Magazine article Drug Topics

New Once-Daily Antibiotic Treats Mixed Infections

Magazine article Drug Topics

New Once-Daily Antibiotic Treats Mixed Infections

Article excerpt

HEALTH-SYSTEM EDITION

CLINICAL PRACTICE

NEW Rx

The Food & Drug Administration's late-November approval of Merck's once-daily carbapenem antibiotic, Inva-nz (ertapenem), will offer a new option for the IV or IM treatment of community-acquired mixed infections.

Ertapenem, whose spectrum of activity covers a wide range of grampositive and gram-negative aerobic and anaerobic organisms, is indicated for the treatment of adults with complicated intra-abdominal infections, complicated skin and skin structure infections, community-acquired pneumonia (CAP), complicated urinary tract infections, and acute pelvic infections.

In 13 phase IIb/III clinical trials that evaluated the new antibiotic in more than 1,900 patients, ertapenem demonstrated cure rates similar to those of comparator drugs Zosyn (piperacillin/tazobactam, Wyeth-Ayerst) and Rocephin (ceftriaxone, Roche). Antibiotics were administered for three to 14 days; in some studies, patients could be switched to oral antimicrobials to complete therapy The combination of piperacillin and tazobactam was used as the comparator in the intraabdominal, skin, and pelvic infection studies, while ceftriaxone was used in the CAP and UTI studies.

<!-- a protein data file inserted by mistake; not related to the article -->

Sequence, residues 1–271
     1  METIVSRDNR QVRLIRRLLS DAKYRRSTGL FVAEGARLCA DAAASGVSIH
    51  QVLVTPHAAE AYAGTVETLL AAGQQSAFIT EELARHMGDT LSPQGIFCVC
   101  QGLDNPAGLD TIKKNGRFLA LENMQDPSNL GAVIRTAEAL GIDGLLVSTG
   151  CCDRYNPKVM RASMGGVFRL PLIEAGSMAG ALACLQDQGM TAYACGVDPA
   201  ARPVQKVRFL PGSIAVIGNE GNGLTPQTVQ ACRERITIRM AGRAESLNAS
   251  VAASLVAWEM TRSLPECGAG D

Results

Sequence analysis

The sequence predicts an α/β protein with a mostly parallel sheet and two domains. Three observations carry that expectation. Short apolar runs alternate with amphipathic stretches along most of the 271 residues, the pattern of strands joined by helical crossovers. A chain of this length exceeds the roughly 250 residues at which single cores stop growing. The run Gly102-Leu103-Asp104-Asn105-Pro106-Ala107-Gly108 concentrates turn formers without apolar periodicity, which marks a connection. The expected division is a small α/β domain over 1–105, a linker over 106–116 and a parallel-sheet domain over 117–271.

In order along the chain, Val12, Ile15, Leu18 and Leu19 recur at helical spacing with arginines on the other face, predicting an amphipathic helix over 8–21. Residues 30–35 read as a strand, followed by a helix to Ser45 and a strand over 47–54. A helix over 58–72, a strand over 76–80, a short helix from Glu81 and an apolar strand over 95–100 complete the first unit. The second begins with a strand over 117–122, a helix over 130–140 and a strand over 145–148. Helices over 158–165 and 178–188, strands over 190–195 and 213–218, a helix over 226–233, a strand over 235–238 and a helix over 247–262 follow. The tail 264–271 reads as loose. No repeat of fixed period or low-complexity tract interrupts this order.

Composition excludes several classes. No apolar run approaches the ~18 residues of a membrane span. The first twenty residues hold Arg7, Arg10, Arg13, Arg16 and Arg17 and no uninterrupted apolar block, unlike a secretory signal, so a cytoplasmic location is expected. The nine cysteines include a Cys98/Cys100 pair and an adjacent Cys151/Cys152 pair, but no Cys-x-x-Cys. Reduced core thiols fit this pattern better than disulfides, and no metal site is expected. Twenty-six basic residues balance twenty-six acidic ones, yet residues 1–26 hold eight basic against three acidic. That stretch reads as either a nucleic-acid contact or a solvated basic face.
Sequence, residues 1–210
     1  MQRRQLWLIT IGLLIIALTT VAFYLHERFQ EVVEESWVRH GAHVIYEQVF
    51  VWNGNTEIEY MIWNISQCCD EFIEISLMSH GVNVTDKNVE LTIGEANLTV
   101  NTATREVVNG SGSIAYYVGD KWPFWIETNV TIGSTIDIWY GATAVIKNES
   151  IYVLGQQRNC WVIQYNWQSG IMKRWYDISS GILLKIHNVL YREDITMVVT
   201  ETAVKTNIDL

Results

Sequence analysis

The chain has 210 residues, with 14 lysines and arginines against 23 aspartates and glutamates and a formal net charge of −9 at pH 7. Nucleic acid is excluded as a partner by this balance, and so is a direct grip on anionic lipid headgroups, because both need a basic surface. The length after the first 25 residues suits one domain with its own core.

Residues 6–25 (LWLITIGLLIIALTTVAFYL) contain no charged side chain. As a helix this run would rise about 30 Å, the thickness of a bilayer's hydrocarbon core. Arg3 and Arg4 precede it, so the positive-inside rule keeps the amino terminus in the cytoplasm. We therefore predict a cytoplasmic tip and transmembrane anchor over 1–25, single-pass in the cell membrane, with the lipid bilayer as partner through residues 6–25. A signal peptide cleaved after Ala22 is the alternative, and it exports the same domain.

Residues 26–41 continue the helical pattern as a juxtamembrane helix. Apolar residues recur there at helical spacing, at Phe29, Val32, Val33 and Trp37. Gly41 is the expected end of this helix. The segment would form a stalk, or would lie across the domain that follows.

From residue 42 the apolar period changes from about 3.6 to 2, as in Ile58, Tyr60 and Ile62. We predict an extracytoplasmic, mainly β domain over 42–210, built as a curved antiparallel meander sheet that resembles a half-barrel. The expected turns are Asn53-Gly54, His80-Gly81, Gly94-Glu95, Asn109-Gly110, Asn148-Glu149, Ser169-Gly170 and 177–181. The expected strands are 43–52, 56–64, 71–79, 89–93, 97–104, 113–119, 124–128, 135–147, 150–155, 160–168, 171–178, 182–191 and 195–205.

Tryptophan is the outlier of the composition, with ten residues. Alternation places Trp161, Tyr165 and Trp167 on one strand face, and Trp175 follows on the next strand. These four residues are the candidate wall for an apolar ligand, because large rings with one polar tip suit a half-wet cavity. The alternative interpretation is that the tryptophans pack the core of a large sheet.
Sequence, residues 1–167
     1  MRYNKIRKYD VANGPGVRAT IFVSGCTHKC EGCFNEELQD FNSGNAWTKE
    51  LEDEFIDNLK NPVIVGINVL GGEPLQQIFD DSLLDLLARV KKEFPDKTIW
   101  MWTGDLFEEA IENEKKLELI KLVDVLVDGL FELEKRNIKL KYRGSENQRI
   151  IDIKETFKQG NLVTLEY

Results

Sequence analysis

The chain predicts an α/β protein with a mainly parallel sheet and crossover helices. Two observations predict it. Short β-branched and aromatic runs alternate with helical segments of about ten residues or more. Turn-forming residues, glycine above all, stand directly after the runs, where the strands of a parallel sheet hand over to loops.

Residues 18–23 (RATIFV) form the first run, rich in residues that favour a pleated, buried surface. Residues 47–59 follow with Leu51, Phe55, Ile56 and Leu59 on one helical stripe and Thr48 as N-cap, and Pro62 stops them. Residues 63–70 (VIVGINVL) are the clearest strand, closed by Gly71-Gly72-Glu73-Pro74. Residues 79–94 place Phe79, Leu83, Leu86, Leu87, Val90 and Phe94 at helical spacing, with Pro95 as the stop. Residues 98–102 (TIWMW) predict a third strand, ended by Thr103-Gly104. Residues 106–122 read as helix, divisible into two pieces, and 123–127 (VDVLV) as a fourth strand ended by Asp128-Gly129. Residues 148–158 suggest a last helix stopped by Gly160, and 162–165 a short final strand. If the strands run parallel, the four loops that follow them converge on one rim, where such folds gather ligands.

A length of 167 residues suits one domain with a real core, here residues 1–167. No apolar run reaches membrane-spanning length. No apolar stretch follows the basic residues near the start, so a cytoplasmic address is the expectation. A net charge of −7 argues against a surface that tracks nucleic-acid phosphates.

Because ertapenem "has very good stability against most betalactamases," said Robin Isaacs, M.D., senior director of clinical research at Merck Research Laboratories, it covers many isolates that are resistant to other beta-lactams, including broad-spectrum penicillins and cephalosporins. However, she noted that, unlike other carbapenems, ertapenem is not active against Pseudomonas or Acinetobacter, which are common pathogens in hospitalacquired infections.

An advantage of ertapenem, said Ron E. Polk, Pharm.D., professor of pharmacy and medicine at Virginia Commonwealth University School of Pharmacy in Richmond, is that it can be used "once a day for infections that are often treated with more frequent dosing or with therapy that requires more than one drug." The piperacillin/tazobactam combo, for instance, is administered q6h, while once-daily ceftriaxone, which does not cover anaerobes, must be combined with a second antimicrobial for mixed infections where anaerobic involvement is suspected.

Isaacs stressed the "simplicity" associated with ertapenem's dosing: one drug, 1 gm, once a day. The 1-gm dose is the same for all indications, although recommended durations of therapy differ. Dosage adjustment is necessary only for patients with advanced or end-stage renal insufficiency. …

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